The family bond of trust between Phyllis, Dale, Ben, and Josh extends to others at The Magic Fluke who don’t have a “Webb” on their driver’s licenses. “They are family to us because they’re critical to this team,” Phyllis states with heartfelt conviction. The communal response to the instruments is critically important to daily motivation, as well. “I’ve had customers who’ve shared tragic situations or physical things that prevented them from playing their instruments, and they’re letting us know that without us, they wouldn’t feel like they do. Without overdoing it, we are a fun business that resonates with people, pun intended, and makes their lives better. And boy, oh boy, that’s certainly a reason to get up every morning.” 

The taxman cometh 

Ben urges his parents to talk about one of their most significant challenges in turning a profit given the model they’ve worked hard to keep and come to be proud of. Referring to the current status quo in America regarding imports, Dale explains: “China in particular subsidizes its exports. So, in order to build its economy, they pay businesses a percentage of sales revenue. And then our country does not apply protective tariffs on incoming goods, which is not the norm. That’s why things are a lot cheaper here than in other countries. So, you’ve got that double-hit of subsidized goods in the manufacturing country and then not tariffed coming into this country.”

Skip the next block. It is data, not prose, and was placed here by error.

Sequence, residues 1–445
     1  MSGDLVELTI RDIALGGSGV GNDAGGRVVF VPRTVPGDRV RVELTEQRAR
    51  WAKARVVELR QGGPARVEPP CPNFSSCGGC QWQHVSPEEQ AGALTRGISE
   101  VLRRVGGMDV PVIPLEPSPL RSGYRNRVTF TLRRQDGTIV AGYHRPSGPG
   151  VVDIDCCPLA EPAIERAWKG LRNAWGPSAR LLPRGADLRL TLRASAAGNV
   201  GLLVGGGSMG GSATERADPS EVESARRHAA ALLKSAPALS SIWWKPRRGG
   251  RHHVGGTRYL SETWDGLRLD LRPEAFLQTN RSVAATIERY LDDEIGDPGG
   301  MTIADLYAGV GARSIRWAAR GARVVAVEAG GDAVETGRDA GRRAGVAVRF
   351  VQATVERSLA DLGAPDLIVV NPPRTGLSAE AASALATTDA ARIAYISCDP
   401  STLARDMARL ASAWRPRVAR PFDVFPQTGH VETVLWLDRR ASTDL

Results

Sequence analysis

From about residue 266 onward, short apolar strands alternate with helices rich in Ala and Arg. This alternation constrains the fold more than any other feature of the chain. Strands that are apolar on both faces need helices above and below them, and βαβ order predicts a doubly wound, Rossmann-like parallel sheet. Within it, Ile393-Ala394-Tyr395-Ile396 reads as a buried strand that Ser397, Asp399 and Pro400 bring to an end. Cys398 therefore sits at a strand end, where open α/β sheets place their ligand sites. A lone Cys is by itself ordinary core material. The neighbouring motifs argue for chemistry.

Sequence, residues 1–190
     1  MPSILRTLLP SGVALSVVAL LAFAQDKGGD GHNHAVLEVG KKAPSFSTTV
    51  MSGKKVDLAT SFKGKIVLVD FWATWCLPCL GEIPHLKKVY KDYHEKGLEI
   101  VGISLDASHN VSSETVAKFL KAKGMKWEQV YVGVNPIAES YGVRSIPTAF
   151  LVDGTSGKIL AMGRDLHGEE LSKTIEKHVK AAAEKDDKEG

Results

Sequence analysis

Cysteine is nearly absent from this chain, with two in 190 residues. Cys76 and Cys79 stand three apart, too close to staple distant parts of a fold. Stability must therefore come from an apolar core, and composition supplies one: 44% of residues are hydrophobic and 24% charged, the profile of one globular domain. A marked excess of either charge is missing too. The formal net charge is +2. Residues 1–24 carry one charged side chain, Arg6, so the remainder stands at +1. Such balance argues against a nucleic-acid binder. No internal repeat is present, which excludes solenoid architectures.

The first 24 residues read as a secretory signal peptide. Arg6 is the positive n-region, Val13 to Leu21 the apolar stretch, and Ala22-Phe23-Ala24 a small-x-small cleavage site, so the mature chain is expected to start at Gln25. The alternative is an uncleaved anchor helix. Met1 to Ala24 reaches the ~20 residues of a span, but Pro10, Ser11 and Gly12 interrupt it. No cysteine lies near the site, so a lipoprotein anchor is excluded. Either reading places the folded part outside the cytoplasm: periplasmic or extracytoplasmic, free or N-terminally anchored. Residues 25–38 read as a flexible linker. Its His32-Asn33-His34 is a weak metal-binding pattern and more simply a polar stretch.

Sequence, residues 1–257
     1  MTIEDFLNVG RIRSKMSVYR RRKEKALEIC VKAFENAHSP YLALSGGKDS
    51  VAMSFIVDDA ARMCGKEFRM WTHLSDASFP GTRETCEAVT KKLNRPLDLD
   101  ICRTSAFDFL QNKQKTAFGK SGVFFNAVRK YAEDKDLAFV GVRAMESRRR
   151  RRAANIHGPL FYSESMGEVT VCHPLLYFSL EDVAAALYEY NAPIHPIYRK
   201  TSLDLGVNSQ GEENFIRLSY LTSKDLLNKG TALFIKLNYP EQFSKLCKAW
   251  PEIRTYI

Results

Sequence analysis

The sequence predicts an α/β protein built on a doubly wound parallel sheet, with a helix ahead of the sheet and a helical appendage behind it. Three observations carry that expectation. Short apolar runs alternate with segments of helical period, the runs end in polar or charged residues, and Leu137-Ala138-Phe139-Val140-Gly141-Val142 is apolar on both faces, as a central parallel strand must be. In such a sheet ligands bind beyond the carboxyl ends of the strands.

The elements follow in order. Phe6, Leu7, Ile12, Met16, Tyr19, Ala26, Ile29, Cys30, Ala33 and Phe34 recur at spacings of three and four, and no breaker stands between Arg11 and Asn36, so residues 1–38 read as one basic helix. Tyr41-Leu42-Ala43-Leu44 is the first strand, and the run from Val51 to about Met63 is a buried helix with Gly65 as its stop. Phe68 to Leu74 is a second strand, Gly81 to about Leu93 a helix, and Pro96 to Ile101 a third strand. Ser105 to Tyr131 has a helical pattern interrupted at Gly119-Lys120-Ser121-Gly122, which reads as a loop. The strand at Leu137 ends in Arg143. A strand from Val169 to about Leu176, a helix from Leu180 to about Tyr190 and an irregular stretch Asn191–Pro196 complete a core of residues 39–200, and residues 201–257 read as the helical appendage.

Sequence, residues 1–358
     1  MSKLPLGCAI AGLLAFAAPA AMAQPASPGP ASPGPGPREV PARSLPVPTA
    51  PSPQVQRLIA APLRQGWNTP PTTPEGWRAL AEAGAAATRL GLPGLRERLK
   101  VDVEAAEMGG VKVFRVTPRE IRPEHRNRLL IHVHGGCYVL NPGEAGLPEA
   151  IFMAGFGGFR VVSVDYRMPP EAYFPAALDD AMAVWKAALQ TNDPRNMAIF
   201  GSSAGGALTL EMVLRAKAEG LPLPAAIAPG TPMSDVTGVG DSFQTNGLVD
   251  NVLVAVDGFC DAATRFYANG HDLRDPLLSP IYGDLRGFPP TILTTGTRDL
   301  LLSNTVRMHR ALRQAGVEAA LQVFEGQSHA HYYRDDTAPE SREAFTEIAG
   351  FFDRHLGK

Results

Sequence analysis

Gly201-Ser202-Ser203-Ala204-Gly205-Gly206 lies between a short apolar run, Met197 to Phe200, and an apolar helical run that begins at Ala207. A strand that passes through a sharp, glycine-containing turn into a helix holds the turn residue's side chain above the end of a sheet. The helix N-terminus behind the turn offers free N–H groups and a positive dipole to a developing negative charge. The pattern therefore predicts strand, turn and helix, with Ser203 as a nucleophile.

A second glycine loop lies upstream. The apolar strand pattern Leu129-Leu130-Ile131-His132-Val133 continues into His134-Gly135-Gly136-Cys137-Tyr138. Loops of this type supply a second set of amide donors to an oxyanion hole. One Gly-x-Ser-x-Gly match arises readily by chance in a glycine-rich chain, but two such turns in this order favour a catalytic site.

This has led to a flood of sub-standard ukuleles cascading into the US, with increasing consumer demand being met by a steady supply of attractively priced goods. As Phyllis points out, “Many small retailers depend on cheap imports to run their business, to stock their shelves.”  

Every instrument bears the “USA Made” tag. Photo by E.M. Marcus.

Ben agrees that this may be the perception but doesn’t have to be the reality, stressing the importance of local economics. Essentially, compared to a cheaper imported product, “your more expensive local item redistributes that extra amount you’ve paid into the community, and you see that as the consumer.” So committed is Team Fluke to these principles that they have terminated longstanding, profitable business partnerships when manufacturing is being relocated overseas. And Ben is cool as a cucumber about it: “Sometimes that’s the end of that relationship. Or they say ‘ok, we’re going to continue making it here for you,’ and that happens. We’ve gone to impossible ends to try and maintain that [local focus] because we understand the importance.”  

For Phyllis, The Magic Fluke’s major US-based competition is playing a game she would rather not join. “We fight, and we lose sales because we’re small. The largest manufacturer of ukuleles is Kala, based in California, and they say “USA” on their t-shirts. We know them personally, they’re really nice people, and they’re physically here, but 95 percent of what they produce is coming in from China.”